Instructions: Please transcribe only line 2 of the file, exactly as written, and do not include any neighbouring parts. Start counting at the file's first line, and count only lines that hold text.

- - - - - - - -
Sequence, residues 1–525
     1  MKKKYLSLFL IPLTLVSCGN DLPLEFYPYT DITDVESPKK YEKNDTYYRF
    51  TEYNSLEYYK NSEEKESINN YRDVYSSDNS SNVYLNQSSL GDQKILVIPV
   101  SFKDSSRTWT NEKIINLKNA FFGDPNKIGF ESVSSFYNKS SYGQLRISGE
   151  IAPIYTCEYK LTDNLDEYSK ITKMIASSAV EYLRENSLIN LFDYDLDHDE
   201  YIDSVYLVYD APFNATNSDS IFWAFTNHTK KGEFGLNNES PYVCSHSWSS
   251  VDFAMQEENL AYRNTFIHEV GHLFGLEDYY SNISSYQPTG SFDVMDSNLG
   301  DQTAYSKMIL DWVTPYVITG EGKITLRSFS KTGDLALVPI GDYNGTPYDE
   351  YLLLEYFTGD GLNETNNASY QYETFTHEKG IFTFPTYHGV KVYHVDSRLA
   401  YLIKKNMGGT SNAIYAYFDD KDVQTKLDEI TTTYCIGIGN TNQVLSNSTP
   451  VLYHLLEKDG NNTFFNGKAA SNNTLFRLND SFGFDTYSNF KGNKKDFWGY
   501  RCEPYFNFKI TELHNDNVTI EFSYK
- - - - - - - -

     1  MKKKYLSLFL IPLTLVSCGN DLPLEFYPYT DITDVESPKK YEKNDTYYRF